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Federal appeals court likely future stop in former Gov. Rick Snyder's effort to avoid testifying in Flint water civil trial

Former Gov. Rick Snyder (R-MI) (file photo)
Steve Carmody
Michigan Radio
Former Gov. Rick Snyder (R-MI) (file photo)

A federal appeals court is likely the next step in former Gov. Rick Snyder’s effort to avoid testifying at a civil trial involving the Flint water crisis.

Snyder, former emergency managers Gerald Ambrose and Darnell Earley, former Snyder aide Rich Baird and Flint city employee Howard Croft are resisting testifying because they are also facing criminal charges tied to the crisis.

Snyder and Croft are charged with misdemeanors. Ambrose, Darnell and Baird a charged with felonies. The criminal cases are on hold as courts are reviewing issues with how the investigation was done and how evidence has been handled.

The indictments were handed down in January of 2021, months after Snyder and others were deposed under oath in the civil case.

Because Snyder and the others did not invoke their right against self-incrimination at the depositions, U.S. District Judge Judith Levy says they cannot invoke their Fifth Amendment rights now.

They could face contempt of court if they try to do so on the witness stand.

On Friday, Judge Levy told lawyers for Snyder and the others to file written briefs next week. That would be a step toward appealing to the Sixth Circuit Court.

As this process proceeds, the civil trial continues.

The case involves damage claims on behalf of four children exposed to Flint’s tainted drinking water during the water crisis. The suit is seeking damages from two engineering firms (Veolia North America and Lockwood, Andrews & Newnam), which were hired at consultants on the city’s water system.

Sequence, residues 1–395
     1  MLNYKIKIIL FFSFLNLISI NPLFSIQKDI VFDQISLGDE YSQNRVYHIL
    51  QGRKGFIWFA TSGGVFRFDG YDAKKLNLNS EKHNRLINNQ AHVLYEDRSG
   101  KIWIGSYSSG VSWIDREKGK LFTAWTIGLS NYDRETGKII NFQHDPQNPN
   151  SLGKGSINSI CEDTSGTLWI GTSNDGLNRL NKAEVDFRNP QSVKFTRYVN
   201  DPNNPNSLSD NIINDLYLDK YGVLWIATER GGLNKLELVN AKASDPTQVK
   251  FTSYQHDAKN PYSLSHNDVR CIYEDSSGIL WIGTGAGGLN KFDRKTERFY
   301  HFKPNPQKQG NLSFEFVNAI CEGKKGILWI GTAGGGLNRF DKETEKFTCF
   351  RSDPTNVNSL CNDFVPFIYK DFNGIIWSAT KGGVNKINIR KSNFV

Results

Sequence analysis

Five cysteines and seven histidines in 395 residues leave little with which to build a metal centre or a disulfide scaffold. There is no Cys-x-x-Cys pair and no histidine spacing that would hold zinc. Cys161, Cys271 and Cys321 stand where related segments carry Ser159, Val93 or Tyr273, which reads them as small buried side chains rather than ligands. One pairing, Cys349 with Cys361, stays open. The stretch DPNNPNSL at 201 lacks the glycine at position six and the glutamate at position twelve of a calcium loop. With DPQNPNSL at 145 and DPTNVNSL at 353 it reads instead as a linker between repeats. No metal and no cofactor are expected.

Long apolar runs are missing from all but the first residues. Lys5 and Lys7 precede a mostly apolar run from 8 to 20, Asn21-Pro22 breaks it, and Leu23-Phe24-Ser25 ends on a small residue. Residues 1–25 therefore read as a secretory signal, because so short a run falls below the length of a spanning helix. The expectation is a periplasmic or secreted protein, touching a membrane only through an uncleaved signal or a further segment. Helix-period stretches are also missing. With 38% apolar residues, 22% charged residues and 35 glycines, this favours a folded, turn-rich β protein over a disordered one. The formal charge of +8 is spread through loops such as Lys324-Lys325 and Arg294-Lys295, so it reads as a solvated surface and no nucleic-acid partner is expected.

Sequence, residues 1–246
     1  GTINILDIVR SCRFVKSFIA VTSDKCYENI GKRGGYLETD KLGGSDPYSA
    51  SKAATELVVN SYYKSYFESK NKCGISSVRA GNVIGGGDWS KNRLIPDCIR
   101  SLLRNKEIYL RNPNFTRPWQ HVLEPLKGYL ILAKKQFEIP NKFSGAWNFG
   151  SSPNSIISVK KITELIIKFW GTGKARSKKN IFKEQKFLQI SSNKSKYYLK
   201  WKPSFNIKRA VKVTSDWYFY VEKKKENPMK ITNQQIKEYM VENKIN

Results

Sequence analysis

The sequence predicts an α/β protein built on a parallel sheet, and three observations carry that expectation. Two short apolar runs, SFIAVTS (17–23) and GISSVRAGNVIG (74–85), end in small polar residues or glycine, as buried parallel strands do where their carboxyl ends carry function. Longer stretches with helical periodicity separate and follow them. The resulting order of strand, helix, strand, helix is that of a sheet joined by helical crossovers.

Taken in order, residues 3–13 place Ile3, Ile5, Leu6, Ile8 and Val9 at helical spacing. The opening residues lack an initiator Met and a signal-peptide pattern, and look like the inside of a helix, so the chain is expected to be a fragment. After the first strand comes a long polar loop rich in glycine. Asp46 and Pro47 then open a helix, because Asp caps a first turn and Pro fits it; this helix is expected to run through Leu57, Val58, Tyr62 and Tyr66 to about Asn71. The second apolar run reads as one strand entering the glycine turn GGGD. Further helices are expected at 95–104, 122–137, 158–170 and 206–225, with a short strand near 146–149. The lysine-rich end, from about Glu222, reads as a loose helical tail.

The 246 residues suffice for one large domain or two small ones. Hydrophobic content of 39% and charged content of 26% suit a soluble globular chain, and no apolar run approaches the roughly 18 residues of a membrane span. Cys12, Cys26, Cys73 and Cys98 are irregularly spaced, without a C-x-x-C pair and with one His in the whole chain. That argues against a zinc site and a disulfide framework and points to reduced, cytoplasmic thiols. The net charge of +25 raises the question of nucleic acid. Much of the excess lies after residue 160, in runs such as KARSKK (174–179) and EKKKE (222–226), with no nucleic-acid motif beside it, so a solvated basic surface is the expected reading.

This is the first civil lawsuit tied to the water crisis to reach the trial stage. It’s referred to as a bellwether trial. It will serve as a guide for future Flint water crisis lawsuits.

The Ann Arbor jury has heard from a series of technical and company witnesses since the trial began last month. Next week, former Mayor Dayne Walling is scheduled to take the witness stand.

The trial is expected to take several more months.

Meanwhile, time is running out for tens of thousands of potential plaintiffs in a $626 million settlement of claims against the state of Michigan, city of Flint, McLaren Flint Hospital and Rowe Professional Services.

People have until May to complete their application for a share of the settlement.

Steve Carmody has been a reporter for Michigan Public since 2005. Steve previously worked at public radio and television stations in Florida, Oklahoma and Kentucky, and also has extensive experience in commercial broadcasting.
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